Alexandra Fine, Credentialed Sexologist, M. Psych | Written by Dame
Any penis owner who spends time online, watches commercial TV or reads magazines (does anyone still read magazines?) has probably thought – at least a little – about their libido.
Why? Because never-ending ads for male enhancement pills and supplements could make even a healthy penis-haver start to wonder if their sex drive is as strong as it “should be.”
Sadly, those commercials and ads aren’t created to help those who are experiencing an unusually low libido or other problems in bed. They’re designed to sell as much product as possible, whether or not the potential customers really need help. (Important note: low libido isn’t the same thing as erectile dysfunction, and they’re not necessarily treated the same way.)
Here’s the honest truth: everyone’s sex drive is different. An enormous number of people with relatively-low sexual desire live happy and fulfilling lives. Their sex lives may be happy and fulfilling as well, as long as they have a partner with a similar libido.
On the other hand, mismatched sexual drives can cause big problems in a relationship. Just as concerning can be a penis-haver’s discovery that their sex drive has decreased over time.
Miracle supplements sold online aren’t likely to help with those issues, but that doesn’t mean people simply have to live with a reduced sex drive.
Let’s look at the common causes of low libido, and possible solutions.
What Determines Libido?
Libido, which is a person’s desire for sexual activity, is a function of physiological, psychological, hereditary and social factors. In short, a complicated mix of personal biology and experience determines sex drive – which is why there’s no such thing as a “normal” libido. Everyone is different, so their baseline level of sexual desire is different as well.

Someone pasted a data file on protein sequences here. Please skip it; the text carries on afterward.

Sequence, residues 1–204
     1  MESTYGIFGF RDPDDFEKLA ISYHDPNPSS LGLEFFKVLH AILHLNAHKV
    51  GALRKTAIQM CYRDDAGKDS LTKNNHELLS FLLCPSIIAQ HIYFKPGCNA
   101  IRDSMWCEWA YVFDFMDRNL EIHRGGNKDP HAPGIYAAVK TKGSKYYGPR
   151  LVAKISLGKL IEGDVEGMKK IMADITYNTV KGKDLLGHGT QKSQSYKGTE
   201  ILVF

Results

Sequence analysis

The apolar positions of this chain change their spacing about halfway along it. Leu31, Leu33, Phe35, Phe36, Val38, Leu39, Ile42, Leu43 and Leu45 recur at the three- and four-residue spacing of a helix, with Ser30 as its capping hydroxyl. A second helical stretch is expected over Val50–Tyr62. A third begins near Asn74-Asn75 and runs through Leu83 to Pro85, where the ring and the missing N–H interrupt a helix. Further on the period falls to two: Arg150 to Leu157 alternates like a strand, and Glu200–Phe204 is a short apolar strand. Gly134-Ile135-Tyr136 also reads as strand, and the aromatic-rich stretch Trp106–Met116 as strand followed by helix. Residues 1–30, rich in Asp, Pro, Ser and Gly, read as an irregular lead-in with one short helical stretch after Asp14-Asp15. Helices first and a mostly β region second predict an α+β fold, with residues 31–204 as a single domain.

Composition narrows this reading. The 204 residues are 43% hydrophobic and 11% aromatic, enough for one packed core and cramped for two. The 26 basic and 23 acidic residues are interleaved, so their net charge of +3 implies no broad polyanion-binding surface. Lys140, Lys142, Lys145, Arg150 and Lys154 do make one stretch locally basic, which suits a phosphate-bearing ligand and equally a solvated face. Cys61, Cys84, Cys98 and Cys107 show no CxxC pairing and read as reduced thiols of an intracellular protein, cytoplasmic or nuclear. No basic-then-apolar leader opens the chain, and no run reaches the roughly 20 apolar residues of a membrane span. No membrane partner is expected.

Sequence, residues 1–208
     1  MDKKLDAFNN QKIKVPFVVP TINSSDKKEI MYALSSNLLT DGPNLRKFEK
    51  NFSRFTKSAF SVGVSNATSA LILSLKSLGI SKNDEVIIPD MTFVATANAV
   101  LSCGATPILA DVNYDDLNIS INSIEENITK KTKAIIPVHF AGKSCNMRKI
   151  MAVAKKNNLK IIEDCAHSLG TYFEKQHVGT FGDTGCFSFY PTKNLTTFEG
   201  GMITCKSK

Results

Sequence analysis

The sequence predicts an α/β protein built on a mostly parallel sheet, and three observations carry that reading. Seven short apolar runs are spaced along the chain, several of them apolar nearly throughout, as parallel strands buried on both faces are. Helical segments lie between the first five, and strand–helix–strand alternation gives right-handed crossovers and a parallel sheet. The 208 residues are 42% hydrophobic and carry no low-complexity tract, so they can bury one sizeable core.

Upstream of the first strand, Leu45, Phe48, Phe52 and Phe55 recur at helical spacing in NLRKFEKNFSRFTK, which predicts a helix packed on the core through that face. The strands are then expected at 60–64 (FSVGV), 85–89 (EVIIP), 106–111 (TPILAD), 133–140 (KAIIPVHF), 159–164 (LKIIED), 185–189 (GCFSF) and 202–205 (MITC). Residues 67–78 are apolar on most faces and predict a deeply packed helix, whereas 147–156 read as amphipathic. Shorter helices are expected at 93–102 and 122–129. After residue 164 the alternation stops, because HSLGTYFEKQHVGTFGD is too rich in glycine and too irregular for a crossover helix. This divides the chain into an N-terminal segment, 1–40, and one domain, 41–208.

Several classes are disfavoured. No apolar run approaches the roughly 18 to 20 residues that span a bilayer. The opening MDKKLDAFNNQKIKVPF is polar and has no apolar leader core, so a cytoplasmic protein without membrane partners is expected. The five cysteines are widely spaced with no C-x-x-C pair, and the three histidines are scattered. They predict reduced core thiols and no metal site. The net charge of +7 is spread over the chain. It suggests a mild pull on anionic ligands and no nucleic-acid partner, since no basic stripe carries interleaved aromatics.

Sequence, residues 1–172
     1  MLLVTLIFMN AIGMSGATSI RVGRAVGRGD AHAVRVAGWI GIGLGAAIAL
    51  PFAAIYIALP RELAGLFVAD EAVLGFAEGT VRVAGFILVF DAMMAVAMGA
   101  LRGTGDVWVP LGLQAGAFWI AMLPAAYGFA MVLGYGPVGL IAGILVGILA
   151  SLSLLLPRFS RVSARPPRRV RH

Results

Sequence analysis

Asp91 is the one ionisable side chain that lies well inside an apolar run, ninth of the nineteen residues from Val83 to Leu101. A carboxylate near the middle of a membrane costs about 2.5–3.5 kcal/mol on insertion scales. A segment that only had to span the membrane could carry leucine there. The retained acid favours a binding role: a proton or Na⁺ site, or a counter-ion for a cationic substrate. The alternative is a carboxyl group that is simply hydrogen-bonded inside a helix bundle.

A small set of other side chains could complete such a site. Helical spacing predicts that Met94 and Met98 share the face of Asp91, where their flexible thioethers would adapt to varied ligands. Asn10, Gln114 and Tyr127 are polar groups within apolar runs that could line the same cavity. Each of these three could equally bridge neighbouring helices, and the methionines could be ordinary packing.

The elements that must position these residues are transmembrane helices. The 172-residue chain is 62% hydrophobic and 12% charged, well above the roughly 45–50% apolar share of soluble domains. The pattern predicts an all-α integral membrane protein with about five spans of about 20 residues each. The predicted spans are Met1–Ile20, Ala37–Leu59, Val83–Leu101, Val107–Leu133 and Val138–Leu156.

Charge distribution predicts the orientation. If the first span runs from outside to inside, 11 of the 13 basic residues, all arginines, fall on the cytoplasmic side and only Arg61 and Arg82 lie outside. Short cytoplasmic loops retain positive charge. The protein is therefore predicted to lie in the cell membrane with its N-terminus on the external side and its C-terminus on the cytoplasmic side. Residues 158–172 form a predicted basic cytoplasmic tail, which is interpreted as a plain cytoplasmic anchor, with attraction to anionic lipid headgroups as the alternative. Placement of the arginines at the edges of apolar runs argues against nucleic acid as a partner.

The libido is regulated by the brain, and it’s affected by a number of different hormones and neurotransmitters (molecules that transmit messages throughout the body).
Testosterone is the primary “sex hormone” in penis-havers, responsible for the development of sex organs, gender-specific body characteristics – and sex drive. Sex hormones like estrogen and progesterone are more important for vulva-havers’ sexual health, but still play smaller roles in penis owners.
Serotonin and oxytocin, among other hormones, affect the sex drive in different ways. Higher levels of serotonin are known to inhibit sexual desire and behavior, and oxytocin (often called the “love” or “cuddle” hormone) appears to encourage sexual intimacy. Research shows that neurotransmitters like norepinephrine and dopamine are also part of the complicated neurological process that boosts or reduces libido.
Ideally, when the body is healthy, it works like a fine-tuned machine to govern sexual desire and performance. Illnesses, diseases, medications and other medical considerations can upset that balance – causing a low sex drive or even a complete lack of interest in sex. Things as simple as energy levels or lack of sleep can cause a lower libido. And one more physiological factor plays a huge role in determining sex drive: age.
We’ll discuss all of those potential problems in more detail shortly.
Psychological states can affect the desire for sex. The most obvious is mood; research has shown that some people’s libidos increase when they are stressed or depressed, because sex can provide benefits like stress relief or self-validation. Others, by contrast, have lower levels of sexual interest when suffering with anxiety or depression. Factors such as low self-esteem, a poor body image or concerns about sexual performance can lead to decreased libido as well.